Testors/Italeri 1/72 B-25C Mitchell
$6.95 SRP when new back in the mid 1980s.
Scott Van Aken
North American B-25 Mitchell was an American twin-engined medium
bomber manufactured by North American Aviation. It was used by many Allied air
forces, in every theater of World War II, as well as many other air forces after
the war ended, and saw service across four decades.
The B-25 was named in honor of General Billy Mitchell, a pioneer of U.S.
military aviation. By the end of its production, nearly 10,000 B-25s in numerous
models had been built. These included a few limited variations, such as the
United States Navy's and Marine Corps' PBJ-1 patrol bomber and the United States
Army Air Forces' F-10 photo reconnaissance aircraft.
The first variant used in combat was the B-25B, though it was built in small
numbers (120). The B-25C was an improved version of the B-25B: powerplants
upgraded from Wright R-2600-9 radials to R-2600-13s; de-icing and anti-icing
equipment added; the navigator received a sighting blister; nose armament was
increased to two .50 in (12.7 mm) machine guns, one fixed and one flexible. The
B-25C model was the first mass-produced B-25 version; it was also used in the
United Kingdom (as the Mitchell II), in Canada, China, the Netherlands, and the
Soviet Union. (Number made: 1,625.) The B-25D was identical to the B-25C, the
only difference was that the B-25D was made in Kansas City, Kansas, whereas the
B-25C was made in Inglewood, California. First flew on 3 January 1942. (Number
made: 2,290.) Early versions of this aircraft had a collector exhaust while
later variants had individual ejector exhaust.
It is surprising that,
unless someone snuck one by me, after all these years, the Italeri kit is still
the best and in many cases only one around of the early B-25s in this scale. Monogram did a
snap kit of this variant, but it is not as nice as the Italeri kit. I would have
thought that Hasegawa would have done this version by simply coming up with new
fuselage halves and engine cowlings, but that has not happened yet.
This particular kit is a Testors rebox and is the most often found version on
vendor's tables. It is from the raised panel line era and while the fabric
detail is a bit overdone, it isn't anything major. It has been probably thirty
years since I did one of these and while I don't remember any difficulty, the
truth is that all Italeri kits require at least a bit of work. Apparently the
bits for a B-25B are included as the instructions note these. The two markings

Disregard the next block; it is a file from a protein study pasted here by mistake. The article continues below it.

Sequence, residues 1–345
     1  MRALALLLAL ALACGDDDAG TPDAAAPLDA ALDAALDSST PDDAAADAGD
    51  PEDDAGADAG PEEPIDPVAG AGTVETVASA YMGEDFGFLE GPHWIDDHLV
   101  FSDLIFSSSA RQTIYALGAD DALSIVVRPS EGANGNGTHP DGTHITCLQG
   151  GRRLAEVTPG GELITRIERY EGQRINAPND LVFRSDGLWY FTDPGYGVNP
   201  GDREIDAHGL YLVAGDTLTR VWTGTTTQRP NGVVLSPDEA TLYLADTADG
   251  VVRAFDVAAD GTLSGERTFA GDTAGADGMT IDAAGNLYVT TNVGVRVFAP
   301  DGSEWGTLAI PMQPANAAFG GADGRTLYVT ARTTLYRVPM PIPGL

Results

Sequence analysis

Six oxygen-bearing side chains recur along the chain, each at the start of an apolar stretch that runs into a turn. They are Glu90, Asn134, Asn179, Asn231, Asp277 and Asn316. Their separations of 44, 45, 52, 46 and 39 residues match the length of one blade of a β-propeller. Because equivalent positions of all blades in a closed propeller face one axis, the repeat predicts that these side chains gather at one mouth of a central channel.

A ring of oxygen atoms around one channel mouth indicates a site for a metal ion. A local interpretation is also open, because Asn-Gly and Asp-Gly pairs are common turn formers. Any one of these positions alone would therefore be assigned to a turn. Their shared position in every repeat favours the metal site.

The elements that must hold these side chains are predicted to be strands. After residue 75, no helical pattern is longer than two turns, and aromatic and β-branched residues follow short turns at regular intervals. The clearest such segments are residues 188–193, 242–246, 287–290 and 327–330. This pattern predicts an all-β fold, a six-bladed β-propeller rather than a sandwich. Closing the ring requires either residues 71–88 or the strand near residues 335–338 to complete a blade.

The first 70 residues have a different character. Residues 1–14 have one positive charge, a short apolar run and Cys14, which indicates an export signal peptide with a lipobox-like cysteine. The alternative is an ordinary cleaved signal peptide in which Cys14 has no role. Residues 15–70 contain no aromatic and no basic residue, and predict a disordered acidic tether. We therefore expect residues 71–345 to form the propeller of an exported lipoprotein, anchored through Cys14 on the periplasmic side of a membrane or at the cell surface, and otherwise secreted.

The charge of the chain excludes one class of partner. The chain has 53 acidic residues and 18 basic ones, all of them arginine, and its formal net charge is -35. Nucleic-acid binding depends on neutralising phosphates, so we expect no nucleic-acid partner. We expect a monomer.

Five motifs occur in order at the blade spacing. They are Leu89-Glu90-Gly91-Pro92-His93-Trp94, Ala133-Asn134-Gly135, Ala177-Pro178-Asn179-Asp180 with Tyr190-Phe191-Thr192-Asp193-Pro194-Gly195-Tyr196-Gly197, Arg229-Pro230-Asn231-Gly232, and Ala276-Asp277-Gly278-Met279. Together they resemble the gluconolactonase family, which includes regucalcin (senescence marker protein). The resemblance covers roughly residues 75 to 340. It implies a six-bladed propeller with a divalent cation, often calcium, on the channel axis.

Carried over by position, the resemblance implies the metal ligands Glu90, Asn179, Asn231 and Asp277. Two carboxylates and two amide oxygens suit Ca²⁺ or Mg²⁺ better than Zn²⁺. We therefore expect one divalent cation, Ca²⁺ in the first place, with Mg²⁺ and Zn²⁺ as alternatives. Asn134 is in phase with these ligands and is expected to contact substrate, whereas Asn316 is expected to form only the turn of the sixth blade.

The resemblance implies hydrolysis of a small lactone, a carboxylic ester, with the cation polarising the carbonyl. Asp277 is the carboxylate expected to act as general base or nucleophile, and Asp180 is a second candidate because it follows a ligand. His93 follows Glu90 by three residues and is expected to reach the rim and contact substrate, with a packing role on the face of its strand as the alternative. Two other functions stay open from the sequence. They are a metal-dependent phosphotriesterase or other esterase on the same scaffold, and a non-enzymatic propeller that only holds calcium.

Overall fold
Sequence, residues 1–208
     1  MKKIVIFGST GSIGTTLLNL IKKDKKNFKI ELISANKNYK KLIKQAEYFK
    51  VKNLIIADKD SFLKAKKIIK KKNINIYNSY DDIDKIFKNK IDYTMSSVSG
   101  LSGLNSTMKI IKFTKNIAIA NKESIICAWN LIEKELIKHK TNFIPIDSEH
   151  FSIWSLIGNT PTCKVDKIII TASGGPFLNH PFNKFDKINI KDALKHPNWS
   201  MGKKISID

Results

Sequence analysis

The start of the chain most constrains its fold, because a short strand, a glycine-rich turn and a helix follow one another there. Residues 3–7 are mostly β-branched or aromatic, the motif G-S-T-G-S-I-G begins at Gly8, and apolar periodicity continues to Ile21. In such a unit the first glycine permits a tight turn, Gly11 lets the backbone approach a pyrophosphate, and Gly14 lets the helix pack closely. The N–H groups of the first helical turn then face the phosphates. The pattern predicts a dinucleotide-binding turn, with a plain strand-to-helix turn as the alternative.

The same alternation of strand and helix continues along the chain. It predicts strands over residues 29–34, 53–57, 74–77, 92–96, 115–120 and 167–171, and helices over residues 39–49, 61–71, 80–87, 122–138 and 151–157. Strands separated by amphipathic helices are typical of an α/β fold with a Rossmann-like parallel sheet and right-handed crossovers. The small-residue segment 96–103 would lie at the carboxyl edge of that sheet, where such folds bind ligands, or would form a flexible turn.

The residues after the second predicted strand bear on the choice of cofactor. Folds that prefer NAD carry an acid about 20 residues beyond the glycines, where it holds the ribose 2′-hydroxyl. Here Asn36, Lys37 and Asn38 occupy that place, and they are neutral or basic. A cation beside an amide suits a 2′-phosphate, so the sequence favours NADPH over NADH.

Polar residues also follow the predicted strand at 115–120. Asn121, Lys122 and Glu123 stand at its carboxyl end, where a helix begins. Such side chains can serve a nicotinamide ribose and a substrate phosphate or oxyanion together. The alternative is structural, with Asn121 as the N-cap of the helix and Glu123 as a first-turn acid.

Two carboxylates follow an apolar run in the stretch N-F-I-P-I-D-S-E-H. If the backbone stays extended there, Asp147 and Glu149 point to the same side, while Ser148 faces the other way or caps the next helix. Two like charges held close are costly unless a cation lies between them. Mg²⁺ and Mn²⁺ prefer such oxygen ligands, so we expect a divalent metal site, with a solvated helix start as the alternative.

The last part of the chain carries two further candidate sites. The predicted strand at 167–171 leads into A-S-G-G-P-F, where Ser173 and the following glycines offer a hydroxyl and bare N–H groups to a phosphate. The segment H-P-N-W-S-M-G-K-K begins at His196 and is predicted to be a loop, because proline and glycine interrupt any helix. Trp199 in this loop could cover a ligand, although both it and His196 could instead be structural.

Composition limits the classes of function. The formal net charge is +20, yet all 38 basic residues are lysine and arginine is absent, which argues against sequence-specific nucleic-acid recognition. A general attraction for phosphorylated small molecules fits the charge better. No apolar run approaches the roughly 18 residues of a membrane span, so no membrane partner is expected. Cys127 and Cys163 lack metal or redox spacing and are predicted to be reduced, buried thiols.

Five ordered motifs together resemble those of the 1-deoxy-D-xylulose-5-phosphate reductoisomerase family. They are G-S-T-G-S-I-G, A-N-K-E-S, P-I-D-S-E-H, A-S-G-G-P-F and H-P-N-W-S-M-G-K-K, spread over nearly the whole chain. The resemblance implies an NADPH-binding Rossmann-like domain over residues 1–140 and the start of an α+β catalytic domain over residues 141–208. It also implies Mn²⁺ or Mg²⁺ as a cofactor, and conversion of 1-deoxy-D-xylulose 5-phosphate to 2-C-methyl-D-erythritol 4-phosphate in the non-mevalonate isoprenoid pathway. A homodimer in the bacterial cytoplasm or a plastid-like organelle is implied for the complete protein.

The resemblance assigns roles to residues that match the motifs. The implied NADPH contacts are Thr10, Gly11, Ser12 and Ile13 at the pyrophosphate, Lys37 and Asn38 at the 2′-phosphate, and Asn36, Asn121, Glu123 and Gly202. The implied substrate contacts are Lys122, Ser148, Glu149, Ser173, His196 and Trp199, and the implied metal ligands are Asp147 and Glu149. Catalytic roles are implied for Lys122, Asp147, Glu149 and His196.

options use either early or late exhaust so you need to make that choice during
You get a nice cockpit with a pair of seats, floor, control columns and center
console. An instrument panel fits on the forward bulkhead and has an instrument
piece that you cut out of the instructions and paste on. An aft bulkhead is also
provided. The kit has a separate nose section so that the B-25J gunship can be
done using many of the same sprues. This kit requires the nose gear leg and
turret to be installed before closing the fuselage halves. The entire nose
section is clear and has only a plastic floor to fit inside without any real
Wings are upper and lower halves with engine nacelles broken into left and right
pieces. There is no wheel well detail and the main gear have to be installed
prior to closing the nacelle halves. All but the very small gear doors on the
main gear are molded closed, so there really isn't much to see in there anyway.
You get two banks of cylinders with no pushrod detail. There are two different
cowling options with the ejector exhaust being used for the 38 BG option. There
are two clear tail cones, one for the B and the other for the C/D. The cockpit
canopy is nicely done as is the nose, with well defined frame lines. Other clear
bits are used for the top of the turret and landing light lenses. I should
meintion that you'll need plenty of nose weight so cram any spare space forward
of the wings to keep this from tail sitting. Though a 38th BG strafer is one of
the options, you'll have to make your own side gun packs. A drawing is provided
to help in this regard. The lower gun position is also provided, but in the
Pacific this was often unarmed as the planes usually flew at low level. A tail
stand is provided in case you did not put in enough weight.
Marking are for two planes. One is the box art plane from the 405 BS/38th BG.
This group had tigers, wolves and dragons on the nose of their planes. This one
is a dragon. It is OD over neutral grey with green fin tips. The other is a
North African plane from the 83BS/12BG and is in sand over neutral grey with
chipped leading edges showing the underlying OD. My kit has two decal sheets,
but I'm not sure just how viable they may be. Fortunately, there are aftermarket
decals out there if you look.
This kit can often be found from vendors for under $10
and is well worth the effort of building, especially if you like the Mitchell.
To the right is your editor's build from 1985.
Thanks to me for picking this one up.
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